Under Real Property Law § 227-e a landlord now has an “…affirmative duty to mitigate damages where a tenant vacates the premises before the end of the lease.” Section 227-e provides as follows:

“[a] landlord shall, in good faith and according to landlord’s resources and abilities, take reasonable and customary actions to rent the premises at fair market value or at the rate agreed to during the term of the tenancy, whichever is lower. If landlord rents the premises at fair market value or at the rate agreed to during the term of the tenancy, the new tenant’s lease shall, once in effect, terminate the previous tenant’s lease and mitigate damages otherwise recoverable against the previous tenant because of such tenant’s vacating the premises. The burden of proof shall be on the party seeking to recover damages. Any provision in a lease that exempts a landlord’s duty to mitigate damages under this section shall be void as contrary to public policy.” [see https://bit.ly/3sO37yH]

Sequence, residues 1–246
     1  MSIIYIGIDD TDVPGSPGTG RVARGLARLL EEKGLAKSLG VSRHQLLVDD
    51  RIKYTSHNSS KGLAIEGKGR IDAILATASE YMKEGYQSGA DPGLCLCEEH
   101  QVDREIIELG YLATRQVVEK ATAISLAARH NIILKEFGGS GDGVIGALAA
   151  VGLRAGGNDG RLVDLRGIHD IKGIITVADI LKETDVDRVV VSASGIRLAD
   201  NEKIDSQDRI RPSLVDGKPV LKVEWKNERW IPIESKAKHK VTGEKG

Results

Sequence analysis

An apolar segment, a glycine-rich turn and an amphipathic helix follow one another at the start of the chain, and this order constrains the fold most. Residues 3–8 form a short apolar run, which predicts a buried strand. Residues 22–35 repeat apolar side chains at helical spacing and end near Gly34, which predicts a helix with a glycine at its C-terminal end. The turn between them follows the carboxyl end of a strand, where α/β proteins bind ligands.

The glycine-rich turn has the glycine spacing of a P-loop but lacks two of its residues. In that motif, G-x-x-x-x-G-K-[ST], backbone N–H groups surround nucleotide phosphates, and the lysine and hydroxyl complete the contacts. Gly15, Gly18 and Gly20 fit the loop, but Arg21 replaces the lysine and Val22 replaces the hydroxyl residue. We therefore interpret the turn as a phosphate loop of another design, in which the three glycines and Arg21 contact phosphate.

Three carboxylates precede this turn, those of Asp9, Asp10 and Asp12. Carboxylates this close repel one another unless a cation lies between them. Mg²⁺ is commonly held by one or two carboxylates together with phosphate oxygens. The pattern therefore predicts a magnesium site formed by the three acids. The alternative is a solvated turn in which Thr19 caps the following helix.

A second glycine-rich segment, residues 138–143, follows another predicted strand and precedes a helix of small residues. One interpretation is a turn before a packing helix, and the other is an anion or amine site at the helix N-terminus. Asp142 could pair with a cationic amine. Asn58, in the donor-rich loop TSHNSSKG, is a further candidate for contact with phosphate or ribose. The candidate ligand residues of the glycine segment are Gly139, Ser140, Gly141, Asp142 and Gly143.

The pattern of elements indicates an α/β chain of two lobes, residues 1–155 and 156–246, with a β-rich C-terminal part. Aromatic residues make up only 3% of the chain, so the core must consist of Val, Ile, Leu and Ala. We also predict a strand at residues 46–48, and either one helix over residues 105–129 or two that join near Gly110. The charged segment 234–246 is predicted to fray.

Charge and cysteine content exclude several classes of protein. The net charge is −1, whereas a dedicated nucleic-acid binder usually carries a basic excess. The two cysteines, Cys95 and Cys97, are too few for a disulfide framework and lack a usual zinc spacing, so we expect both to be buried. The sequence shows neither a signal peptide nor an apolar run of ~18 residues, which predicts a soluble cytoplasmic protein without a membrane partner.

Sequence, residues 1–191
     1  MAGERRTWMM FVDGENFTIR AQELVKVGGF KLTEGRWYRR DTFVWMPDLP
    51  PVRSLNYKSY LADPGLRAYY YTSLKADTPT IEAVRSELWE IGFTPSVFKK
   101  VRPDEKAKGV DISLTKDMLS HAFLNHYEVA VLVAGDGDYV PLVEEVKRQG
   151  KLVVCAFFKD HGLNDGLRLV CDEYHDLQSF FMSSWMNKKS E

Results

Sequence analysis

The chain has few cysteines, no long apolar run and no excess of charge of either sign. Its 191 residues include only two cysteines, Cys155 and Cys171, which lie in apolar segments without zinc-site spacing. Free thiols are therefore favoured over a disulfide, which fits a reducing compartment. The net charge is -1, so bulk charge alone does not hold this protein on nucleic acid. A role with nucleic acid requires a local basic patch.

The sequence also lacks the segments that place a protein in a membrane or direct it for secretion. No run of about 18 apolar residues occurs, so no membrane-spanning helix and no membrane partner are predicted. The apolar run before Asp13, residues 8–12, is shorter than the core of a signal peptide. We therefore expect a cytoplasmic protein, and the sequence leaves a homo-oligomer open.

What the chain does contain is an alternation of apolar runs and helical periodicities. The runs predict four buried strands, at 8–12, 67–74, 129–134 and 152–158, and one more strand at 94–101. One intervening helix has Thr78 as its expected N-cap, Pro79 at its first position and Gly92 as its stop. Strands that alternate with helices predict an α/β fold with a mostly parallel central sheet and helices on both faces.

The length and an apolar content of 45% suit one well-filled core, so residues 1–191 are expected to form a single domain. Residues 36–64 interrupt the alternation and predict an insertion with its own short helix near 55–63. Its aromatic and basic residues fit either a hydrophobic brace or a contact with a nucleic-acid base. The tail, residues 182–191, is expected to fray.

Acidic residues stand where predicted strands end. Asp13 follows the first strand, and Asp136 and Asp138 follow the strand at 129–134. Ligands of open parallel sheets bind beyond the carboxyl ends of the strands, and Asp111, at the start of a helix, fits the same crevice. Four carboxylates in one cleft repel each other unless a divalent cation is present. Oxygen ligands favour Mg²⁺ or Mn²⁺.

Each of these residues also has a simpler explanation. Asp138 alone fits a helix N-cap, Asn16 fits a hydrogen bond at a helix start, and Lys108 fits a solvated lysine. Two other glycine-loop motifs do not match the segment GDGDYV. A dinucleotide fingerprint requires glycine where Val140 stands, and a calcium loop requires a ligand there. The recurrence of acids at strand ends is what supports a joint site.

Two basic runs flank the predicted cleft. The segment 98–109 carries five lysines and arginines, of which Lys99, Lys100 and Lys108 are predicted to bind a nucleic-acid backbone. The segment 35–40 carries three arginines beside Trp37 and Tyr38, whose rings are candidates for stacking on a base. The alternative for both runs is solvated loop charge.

The court points out that with the passage of Section 227-e, “…the legislature resolved an issue that had plagued the courts, since 1995 when Holy Properties L.P. v Kenneth Cole Prods. (87 NY2d 130 [1995]) [see https://bit.ly/3gBEdMN] was decided by the Court of Appeals, holding that there is no duty to mitigate damages in the context of lease agreements.” Although the Holy Properties case involved a commercial lease, “…most courts applied its holding to residential leases as well.” Therefore, until Section 227-e was enacted, in New York, a landlord did not have any duty to mitigate damages if a tenant vacated the premises before the end of the term and failed to pay the rent due through the expiration date of the lease. A landlord was under no obligation to find a new tenant, and could then pursue the tenant for the rent due through the end of the lease term.